And having the opportunity to describe research during an interview with a role model was “truly the experience of a lifetime,” Blackstone says.
“I came into adulthood watching and admiring Katie on the Today Show,” Blackstone says. “She was truly one of my idols as a young woman in my 20s looking for models of how I’d like to be professionally. I’m still a little stunned when I think about the fact that I not only got to meet someone I admire — I got to be interviewed by her.”
Blackstone says Couric asked about the supposed “mom gene.”
“What I appreciated … was the chance to discuss research showing that while the desire to nurture kids once women have them may be genetic, there’s very little scientific evidence to suggest that we have an instinctual drive to have kids,” Blackstone says. “The key force behind the desire to have kids is socialization. Children are taught from a very young age that one of the most important things they can do when they grow up is become parents. Girls in particular are taught both that they are natural caretakers and that their primary role — and primary aspiration — should be to become a mother.”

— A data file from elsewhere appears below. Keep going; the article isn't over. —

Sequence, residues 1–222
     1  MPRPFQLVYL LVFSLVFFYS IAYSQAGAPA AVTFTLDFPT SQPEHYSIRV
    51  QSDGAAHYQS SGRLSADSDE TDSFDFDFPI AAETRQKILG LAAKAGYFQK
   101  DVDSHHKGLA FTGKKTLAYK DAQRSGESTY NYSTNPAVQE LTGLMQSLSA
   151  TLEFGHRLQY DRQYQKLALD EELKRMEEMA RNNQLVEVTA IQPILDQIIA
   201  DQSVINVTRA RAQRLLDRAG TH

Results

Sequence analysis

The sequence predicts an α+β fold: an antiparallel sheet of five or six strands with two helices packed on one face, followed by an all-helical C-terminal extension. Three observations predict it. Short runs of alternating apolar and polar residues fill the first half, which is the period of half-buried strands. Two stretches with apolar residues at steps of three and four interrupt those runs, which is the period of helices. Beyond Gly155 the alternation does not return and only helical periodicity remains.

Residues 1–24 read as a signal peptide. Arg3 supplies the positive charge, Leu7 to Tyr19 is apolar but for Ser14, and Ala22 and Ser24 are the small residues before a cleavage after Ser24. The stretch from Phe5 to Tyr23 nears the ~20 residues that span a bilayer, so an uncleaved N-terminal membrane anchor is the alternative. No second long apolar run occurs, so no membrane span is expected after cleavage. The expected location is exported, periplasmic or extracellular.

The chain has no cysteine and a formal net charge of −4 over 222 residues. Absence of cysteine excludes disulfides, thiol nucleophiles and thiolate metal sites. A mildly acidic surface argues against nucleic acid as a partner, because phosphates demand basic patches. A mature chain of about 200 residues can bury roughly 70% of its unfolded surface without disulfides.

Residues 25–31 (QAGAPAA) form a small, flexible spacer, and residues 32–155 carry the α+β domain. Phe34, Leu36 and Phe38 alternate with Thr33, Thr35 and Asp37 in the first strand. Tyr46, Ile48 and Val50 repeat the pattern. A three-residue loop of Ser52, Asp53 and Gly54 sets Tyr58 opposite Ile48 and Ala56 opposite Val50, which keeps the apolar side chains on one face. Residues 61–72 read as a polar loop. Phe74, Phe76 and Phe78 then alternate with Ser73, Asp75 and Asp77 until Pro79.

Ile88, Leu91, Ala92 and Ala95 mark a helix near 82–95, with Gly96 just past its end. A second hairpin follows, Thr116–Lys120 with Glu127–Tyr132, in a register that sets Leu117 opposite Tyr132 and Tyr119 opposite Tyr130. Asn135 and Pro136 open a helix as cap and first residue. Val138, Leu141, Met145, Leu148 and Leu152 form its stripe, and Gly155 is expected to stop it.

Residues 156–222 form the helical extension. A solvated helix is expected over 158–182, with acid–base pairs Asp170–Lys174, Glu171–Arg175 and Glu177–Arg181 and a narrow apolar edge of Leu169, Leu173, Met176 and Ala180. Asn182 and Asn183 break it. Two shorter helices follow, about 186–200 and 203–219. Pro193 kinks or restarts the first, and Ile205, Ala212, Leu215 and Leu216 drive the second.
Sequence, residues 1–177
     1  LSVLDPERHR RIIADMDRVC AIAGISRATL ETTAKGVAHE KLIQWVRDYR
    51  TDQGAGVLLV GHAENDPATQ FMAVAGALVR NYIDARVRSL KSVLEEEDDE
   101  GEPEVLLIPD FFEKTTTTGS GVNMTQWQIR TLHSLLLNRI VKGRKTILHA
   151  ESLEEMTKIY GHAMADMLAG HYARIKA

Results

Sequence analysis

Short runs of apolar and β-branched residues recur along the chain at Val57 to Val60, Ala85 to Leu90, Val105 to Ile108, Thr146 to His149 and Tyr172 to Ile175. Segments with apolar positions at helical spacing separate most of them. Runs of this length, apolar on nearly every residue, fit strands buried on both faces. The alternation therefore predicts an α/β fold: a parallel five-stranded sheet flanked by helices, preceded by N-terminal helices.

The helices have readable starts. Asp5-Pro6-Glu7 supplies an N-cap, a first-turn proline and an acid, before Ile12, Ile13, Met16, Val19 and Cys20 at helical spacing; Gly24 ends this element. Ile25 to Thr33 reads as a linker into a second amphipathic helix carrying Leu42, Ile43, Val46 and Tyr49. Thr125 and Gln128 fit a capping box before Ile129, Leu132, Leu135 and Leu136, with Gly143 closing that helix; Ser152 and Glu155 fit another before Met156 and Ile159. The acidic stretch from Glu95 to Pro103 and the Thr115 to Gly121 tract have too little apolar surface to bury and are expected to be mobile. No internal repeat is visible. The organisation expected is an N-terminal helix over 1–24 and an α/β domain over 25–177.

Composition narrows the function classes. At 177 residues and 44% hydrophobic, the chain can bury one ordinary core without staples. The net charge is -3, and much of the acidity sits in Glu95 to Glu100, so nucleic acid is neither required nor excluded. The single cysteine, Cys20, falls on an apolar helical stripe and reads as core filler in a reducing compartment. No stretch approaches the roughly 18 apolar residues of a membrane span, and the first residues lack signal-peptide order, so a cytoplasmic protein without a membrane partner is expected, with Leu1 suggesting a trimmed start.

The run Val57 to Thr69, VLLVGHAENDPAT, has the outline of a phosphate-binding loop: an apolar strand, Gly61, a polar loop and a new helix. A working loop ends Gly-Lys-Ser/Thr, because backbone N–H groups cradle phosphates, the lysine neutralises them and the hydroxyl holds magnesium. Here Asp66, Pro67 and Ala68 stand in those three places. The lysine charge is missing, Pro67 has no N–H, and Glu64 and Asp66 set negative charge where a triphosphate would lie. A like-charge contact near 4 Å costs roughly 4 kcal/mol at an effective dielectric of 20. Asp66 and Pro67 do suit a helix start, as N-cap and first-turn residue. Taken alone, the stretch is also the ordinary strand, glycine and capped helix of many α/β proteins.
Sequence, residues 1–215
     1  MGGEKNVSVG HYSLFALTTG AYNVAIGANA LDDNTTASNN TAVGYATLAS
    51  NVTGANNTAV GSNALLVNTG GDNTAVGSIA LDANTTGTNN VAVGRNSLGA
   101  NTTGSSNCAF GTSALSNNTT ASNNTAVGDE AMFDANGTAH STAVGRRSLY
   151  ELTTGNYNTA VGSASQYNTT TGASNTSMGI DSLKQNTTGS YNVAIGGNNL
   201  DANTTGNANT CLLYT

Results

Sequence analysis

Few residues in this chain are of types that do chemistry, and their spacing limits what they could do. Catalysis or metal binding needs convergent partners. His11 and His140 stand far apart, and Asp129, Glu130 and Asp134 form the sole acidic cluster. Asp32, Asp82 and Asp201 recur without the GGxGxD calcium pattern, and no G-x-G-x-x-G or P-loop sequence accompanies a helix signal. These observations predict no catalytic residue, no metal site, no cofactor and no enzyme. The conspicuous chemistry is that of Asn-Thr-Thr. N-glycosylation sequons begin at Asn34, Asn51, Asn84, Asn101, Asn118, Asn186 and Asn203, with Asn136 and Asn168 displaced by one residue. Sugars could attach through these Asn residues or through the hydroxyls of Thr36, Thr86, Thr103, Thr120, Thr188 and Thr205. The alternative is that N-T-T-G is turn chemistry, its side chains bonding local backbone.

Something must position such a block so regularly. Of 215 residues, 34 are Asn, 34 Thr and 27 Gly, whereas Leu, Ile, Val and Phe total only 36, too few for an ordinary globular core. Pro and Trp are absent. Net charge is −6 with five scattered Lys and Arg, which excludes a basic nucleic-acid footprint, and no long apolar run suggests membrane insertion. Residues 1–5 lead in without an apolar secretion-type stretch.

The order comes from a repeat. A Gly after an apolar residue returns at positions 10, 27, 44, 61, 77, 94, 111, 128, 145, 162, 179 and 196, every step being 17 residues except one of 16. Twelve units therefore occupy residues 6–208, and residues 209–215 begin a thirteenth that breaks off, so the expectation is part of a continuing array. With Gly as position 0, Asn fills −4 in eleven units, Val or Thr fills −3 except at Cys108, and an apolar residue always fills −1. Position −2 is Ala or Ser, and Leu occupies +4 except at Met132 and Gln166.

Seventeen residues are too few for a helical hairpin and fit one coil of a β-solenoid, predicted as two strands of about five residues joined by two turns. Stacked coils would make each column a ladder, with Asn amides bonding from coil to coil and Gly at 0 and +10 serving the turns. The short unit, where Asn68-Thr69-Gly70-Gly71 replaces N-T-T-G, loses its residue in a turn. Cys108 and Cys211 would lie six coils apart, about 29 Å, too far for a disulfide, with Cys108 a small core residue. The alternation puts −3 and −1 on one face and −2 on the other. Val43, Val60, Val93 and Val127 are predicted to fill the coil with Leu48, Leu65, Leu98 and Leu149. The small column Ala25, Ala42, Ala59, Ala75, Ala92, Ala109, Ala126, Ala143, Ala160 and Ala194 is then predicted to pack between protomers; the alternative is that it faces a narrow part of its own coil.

Two childfree couples and Lauren Sandler, author of the August TIME Magazine article “The Childfree Life: When having it all means not having children,” are other guests on the show. Blackstone also met fellow childfree blogger Piper Hoffman and Madeline Lane, founder of ChildfreeNYC, a group of childfree-by-choice people in Manhattan, at the taping.